ANJAR, Lebanon — Lebanese forces unearthed at least 20 decomposed corpses Saturday from a mass grave in an eastern town that was the headquarters of Syrian intelligence in Lebanon for three decades, security sources said.
Witnesses and security sources said the remains, most now only skeletons in scraps of underwear, were found on an old onion farm in Anjar, long used by Syrian intelligence as a jail and interrogation center.
They said that the bodies had lain in the shallow grave for more than 12 years but that it was not immediately clear who the people were and how they died. Security forces were using a bulldozer to dig for more bodies.
It is the first such find directly linked to the Syrian presence, which ended in April.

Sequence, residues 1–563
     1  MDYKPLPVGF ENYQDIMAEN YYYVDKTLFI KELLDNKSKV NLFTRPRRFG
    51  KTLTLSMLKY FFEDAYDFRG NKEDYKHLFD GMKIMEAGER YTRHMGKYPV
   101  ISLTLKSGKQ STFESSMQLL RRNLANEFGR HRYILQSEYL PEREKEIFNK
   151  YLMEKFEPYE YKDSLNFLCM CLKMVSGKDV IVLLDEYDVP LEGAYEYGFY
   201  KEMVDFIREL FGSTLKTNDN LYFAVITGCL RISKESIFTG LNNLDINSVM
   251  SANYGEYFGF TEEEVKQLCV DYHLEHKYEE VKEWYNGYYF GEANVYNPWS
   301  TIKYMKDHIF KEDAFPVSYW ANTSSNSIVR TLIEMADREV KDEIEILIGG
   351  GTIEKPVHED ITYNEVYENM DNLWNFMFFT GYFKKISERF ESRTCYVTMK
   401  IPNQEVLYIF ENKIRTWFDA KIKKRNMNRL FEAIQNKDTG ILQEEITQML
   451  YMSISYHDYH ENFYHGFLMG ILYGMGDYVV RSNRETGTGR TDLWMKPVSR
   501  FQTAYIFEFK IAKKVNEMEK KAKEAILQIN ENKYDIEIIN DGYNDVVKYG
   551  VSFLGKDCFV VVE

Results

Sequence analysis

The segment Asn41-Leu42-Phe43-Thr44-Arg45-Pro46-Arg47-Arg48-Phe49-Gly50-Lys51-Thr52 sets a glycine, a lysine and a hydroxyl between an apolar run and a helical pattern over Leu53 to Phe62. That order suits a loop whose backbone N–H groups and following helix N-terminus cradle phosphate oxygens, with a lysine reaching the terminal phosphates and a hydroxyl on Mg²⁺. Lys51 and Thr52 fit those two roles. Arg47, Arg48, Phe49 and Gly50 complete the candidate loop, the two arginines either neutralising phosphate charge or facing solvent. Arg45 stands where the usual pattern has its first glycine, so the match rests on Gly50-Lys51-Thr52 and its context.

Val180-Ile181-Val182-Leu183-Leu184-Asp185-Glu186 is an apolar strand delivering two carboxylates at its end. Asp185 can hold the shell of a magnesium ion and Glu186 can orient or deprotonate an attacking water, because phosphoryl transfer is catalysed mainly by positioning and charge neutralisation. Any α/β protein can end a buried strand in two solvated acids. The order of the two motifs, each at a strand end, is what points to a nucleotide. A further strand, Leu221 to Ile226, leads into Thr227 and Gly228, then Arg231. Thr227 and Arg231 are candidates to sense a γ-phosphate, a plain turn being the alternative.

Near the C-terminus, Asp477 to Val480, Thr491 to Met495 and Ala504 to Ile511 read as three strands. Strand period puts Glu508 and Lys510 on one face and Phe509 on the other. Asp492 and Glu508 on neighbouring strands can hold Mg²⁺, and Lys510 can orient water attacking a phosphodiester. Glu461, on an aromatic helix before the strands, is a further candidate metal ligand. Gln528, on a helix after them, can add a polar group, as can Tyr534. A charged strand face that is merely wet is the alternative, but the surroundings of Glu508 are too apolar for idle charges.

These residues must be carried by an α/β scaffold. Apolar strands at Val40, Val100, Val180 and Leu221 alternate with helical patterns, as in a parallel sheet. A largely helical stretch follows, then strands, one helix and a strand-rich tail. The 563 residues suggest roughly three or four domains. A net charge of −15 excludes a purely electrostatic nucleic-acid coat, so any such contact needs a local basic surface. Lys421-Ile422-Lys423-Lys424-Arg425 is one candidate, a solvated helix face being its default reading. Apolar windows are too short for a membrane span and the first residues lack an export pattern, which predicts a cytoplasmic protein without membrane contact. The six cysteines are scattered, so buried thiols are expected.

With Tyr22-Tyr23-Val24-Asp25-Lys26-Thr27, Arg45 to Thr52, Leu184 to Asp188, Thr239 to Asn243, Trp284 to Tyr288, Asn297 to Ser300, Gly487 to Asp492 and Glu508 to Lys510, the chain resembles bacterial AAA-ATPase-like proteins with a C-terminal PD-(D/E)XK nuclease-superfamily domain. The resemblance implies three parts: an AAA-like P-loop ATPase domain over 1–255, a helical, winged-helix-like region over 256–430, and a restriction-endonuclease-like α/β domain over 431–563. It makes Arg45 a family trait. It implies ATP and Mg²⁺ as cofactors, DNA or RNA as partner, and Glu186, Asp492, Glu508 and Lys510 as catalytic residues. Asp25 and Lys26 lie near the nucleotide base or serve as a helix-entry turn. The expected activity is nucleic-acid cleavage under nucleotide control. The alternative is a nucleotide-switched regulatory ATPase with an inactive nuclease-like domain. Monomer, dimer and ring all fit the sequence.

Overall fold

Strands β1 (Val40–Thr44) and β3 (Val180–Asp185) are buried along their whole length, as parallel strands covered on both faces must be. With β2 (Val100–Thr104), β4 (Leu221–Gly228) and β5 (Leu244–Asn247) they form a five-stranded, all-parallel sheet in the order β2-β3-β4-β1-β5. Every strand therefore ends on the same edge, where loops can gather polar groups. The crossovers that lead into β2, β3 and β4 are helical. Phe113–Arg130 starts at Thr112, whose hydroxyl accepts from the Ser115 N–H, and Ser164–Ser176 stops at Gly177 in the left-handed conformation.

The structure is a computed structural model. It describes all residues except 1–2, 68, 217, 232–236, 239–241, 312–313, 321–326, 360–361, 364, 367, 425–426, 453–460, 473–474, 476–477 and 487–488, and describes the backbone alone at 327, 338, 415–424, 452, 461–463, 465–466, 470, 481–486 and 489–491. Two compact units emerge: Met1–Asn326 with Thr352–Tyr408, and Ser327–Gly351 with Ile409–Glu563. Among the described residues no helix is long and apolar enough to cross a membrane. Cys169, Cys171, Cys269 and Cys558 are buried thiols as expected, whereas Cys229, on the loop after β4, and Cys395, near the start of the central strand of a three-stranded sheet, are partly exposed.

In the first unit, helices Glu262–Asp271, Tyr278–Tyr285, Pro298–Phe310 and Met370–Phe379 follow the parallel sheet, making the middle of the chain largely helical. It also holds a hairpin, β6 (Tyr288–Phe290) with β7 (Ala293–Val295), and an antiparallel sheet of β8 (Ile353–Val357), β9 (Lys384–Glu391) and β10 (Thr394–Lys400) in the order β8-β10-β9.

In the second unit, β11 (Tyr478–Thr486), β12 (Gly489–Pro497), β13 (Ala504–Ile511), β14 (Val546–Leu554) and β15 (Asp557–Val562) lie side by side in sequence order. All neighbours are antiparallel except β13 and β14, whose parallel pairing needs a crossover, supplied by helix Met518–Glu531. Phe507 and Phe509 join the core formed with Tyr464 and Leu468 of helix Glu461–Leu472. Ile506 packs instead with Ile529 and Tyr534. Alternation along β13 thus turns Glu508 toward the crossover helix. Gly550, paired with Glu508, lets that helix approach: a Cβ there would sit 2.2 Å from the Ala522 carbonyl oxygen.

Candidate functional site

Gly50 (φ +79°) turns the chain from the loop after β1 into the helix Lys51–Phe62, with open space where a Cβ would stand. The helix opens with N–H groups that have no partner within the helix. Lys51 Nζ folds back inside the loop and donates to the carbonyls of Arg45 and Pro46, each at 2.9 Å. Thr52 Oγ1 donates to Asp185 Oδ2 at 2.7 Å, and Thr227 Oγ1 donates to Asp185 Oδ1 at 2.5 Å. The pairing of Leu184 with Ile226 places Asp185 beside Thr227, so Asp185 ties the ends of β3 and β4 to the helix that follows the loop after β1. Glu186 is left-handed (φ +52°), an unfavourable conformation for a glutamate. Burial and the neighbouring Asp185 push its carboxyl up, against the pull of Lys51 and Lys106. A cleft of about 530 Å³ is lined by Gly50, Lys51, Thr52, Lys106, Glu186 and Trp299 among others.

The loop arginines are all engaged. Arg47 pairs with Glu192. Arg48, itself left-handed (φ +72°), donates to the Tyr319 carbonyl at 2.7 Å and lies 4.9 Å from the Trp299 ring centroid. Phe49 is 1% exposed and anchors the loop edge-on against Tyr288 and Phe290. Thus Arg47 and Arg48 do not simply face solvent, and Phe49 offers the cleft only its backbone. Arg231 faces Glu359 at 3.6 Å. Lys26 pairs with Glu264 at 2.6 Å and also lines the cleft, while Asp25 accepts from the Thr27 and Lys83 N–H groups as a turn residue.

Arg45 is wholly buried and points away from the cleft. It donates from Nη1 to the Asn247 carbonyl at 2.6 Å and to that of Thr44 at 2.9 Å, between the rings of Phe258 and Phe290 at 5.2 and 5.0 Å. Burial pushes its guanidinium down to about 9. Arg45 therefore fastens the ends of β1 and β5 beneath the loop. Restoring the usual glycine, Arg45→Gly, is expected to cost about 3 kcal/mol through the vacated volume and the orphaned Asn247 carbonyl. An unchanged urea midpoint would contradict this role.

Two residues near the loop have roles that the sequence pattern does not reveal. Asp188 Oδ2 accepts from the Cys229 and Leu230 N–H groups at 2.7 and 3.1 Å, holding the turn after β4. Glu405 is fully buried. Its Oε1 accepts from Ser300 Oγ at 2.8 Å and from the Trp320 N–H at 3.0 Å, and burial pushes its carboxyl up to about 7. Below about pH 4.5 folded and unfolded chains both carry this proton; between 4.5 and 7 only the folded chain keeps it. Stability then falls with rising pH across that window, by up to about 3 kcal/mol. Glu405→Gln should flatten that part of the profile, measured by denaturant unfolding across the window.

The Lebanese army took over the farm after Syria pulled out of Lebanon amid an international outcry and Lebanese protests over the assassination of former Lebanese Prime Minister Rafik Hariri.
Syria deployed troops in Lebanon in 1976, establishing an intelligence network that was feared by many Lebanese and dominating Lebanon's politics after the 1975-90 civil war ended.
Many Lebanese blamed Syria for the death of Hariri in a Feb. 14 truck bombing in Beirut. Syria has denied any involvement.